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D. A. Carson writes in his For the Love of God, Vol. 2 for the meditation on Jeremiah 14:

Because our own culture tries so hard to detach from God what happens in the “natural” world, reserving for him only private or distantly “spiritual” things, we rush to give naturalistic explanations for our wars and famines and plagues instead of at least trying to learn the lessons providence may be teaching us. I am not suggesting that it is easy to read providence. We have seen that Scripture itself warns us against trying to infer too much too quickly (Luke 13:1-5). Nevertheless, not to draw any moral and spiritual lessons from disasters may be nothing more than an index of how far we have sold ourselves to the forces of secularization. We resolutely refuse to “hear” what God says when he speaks to us in the language of judgment–exactly the response of ancient Israel. Indeed, according to this chapter there was a hearty collection of religious leaders who denied any connection between disaster and divine judgment (14:14). It is ever so. So not only will prophets be held accountable for what they say and teach, but the people are responsible for what they choose to listen to.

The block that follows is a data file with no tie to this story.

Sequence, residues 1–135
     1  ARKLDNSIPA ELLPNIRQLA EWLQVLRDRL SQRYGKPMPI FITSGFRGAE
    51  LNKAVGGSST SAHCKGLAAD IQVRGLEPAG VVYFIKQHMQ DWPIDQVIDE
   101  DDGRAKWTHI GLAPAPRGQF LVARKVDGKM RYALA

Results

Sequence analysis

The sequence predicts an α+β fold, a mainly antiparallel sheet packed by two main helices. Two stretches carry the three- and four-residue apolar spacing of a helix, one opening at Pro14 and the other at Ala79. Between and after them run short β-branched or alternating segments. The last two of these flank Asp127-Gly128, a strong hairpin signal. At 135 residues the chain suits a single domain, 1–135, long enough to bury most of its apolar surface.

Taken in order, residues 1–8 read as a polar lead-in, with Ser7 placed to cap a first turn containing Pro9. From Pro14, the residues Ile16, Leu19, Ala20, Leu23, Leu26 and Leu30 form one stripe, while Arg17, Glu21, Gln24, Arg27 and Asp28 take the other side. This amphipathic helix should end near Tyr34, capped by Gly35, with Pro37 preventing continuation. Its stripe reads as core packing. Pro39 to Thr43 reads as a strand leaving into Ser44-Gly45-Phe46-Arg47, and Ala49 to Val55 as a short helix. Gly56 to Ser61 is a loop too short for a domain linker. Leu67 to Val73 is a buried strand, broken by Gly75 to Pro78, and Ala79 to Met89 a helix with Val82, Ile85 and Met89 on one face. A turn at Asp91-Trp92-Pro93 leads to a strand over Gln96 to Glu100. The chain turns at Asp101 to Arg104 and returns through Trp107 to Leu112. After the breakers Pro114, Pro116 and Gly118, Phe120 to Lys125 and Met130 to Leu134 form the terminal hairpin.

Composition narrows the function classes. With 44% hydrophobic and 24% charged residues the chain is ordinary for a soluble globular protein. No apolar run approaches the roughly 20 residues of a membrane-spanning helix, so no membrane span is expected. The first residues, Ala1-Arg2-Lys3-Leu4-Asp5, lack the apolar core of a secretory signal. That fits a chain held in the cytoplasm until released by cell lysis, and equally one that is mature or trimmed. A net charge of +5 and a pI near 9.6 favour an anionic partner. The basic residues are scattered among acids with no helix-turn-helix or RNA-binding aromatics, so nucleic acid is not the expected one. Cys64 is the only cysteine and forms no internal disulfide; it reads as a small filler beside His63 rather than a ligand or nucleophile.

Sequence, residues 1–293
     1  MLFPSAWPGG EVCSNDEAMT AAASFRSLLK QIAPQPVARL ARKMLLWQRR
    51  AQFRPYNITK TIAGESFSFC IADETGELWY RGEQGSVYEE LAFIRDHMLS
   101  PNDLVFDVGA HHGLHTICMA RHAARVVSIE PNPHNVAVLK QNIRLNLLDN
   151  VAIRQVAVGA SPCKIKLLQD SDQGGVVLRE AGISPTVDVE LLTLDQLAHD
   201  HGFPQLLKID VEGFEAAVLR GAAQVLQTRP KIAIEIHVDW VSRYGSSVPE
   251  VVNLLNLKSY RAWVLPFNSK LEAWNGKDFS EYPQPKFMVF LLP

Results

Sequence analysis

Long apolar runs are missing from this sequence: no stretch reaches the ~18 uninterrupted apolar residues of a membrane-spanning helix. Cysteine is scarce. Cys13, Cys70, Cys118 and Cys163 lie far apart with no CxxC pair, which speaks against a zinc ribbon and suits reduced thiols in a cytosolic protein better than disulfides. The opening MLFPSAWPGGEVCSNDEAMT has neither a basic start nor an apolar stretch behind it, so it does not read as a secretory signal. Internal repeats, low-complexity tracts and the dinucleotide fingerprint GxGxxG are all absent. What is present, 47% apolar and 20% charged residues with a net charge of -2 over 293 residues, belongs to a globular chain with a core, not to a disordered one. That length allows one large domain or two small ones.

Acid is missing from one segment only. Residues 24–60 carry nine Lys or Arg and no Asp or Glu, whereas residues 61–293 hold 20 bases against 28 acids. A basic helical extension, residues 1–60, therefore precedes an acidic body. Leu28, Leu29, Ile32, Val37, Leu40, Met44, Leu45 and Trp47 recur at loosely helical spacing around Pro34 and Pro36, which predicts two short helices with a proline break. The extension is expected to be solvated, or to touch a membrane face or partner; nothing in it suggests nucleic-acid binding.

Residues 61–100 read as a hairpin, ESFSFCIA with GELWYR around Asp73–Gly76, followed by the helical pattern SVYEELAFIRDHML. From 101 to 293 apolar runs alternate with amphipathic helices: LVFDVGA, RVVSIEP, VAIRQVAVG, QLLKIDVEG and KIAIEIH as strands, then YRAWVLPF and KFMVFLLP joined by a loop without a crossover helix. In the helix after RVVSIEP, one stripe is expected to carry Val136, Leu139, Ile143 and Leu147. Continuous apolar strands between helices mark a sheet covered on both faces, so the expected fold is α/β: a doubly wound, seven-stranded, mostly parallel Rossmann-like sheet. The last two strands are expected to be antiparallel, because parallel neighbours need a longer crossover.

Is it possible that God has given Americans $4 gas prices (which, by the way are still extremely cheap compared to prices in the rest of the world) to remind us that we are not economically omnipotent?

This doesn’t necessarily mean that we should avoid trying to bring those prices down, but it seems that virtually all of the people I hear complaining about this issue (on both sides of the political spectrum) are assuming that we have an entitlement to cheap gasoline, rather than acknowledging thankfully the gift of having enjoyed cheap prices for so long.

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